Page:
Since it's plum season around here (er...which unfortunately in Illinois means we get really good plums from California and they are cheap), and since even conventional plums grown in the States are fairly far down on the "Dirty Dozen" list (34 or so; imported ones are much higher on the list, residue-wise!), I bought a bunch and determined to give the "Plum-Lavender Jam" on page 36 a try. I washed the plums good (with soap, baby!) to get off as much residue as I could, since the skins are where the pectin is found. Something I hadn't known before reading this book. Chemistry lesson.
The details of my adventure will go on my own blog, but suffice it to say that the sample jar I made just to test it out was gone within 24 hours. We're talking spoon here, not actually spreading it on anything. I just ate it. It was amazing. I'd never made jam before--it always seemed too scary for some reason. In reality--not so hard. Messy, but not hard. And amazingly delicious.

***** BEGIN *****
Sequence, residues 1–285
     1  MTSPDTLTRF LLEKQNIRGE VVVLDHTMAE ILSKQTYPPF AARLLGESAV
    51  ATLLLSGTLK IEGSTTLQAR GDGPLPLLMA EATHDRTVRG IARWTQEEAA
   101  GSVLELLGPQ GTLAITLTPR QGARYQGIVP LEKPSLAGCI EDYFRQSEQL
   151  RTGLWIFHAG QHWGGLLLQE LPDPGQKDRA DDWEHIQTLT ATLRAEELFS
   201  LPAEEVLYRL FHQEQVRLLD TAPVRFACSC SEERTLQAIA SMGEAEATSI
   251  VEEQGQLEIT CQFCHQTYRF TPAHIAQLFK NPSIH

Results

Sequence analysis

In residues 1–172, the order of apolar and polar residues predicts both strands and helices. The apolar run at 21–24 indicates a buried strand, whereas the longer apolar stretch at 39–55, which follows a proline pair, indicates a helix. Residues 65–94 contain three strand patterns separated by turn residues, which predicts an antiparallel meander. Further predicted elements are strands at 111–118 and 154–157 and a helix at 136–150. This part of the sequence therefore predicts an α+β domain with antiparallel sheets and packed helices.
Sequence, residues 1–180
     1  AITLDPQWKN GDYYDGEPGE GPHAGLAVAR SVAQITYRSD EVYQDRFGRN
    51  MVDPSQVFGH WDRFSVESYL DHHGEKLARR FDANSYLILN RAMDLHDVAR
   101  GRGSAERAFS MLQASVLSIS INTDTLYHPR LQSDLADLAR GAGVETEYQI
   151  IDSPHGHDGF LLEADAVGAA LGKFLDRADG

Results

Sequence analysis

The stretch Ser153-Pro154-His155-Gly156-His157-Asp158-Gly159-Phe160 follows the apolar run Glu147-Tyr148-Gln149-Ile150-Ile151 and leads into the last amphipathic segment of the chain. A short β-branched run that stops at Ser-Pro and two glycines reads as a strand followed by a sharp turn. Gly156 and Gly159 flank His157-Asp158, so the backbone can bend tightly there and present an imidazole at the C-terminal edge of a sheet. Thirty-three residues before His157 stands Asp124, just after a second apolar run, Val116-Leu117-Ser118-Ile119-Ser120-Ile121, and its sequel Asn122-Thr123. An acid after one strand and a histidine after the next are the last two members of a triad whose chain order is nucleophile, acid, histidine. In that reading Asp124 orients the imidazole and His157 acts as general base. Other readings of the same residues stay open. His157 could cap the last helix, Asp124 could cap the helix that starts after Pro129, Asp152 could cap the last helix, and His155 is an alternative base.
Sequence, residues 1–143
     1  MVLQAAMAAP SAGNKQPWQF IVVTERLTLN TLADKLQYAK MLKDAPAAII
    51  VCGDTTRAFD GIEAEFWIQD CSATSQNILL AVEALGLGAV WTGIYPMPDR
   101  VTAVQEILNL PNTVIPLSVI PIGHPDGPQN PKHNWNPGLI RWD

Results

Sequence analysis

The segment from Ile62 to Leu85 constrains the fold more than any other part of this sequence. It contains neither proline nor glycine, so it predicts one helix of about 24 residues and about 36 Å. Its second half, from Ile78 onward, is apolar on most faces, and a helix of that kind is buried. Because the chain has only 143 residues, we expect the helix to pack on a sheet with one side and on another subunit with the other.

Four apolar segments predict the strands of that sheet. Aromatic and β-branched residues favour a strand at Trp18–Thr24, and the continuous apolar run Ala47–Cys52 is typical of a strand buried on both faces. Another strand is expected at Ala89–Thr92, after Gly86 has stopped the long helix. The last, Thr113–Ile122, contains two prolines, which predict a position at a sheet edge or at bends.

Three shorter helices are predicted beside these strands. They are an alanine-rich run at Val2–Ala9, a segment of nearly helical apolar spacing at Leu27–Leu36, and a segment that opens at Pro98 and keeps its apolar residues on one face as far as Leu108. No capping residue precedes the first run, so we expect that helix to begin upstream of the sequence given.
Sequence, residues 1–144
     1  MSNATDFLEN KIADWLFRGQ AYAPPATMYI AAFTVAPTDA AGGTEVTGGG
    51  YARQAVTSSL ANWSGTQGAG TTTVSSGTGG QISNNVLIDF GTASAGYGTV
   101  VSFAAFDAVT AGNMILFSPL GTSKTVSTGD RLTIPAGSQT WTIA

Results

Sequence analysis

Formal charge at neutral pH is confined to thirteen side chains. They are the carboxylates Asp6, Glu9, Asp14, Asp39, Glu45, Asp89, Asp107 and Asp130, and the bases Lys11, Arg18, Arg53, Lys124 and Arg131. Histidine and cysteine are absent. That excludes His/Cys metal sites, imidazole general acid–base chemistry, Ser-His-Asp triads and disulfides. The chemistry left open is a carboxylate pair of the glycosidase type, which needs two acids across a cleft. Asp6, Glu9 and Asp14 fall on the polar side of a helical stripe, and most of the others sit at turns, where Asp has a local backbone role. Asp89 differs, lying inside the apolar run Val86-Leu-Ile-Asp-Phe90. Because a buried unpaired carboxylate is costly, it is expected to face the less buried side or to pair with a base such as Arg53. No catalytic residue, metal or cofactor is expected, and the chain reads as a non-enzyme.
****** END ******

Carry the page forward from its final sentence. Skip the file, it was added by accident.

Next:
Next on my list will be the Eggplant and Tomato relish (page 172), since eggplants and tomatoes are about the only successful things in my garden right now; the Pickled Zucchini Relish (page 173) looks fun too, if I ever get any squash. There are recipes for herbal vinegars, preserved lemons, homemade ketchup, candied citrus peel--way more than I would ever have expected a book on "preserving" to have in it--I figured we were talking jams and jellies and stuff and that would be it. But there's a lot more.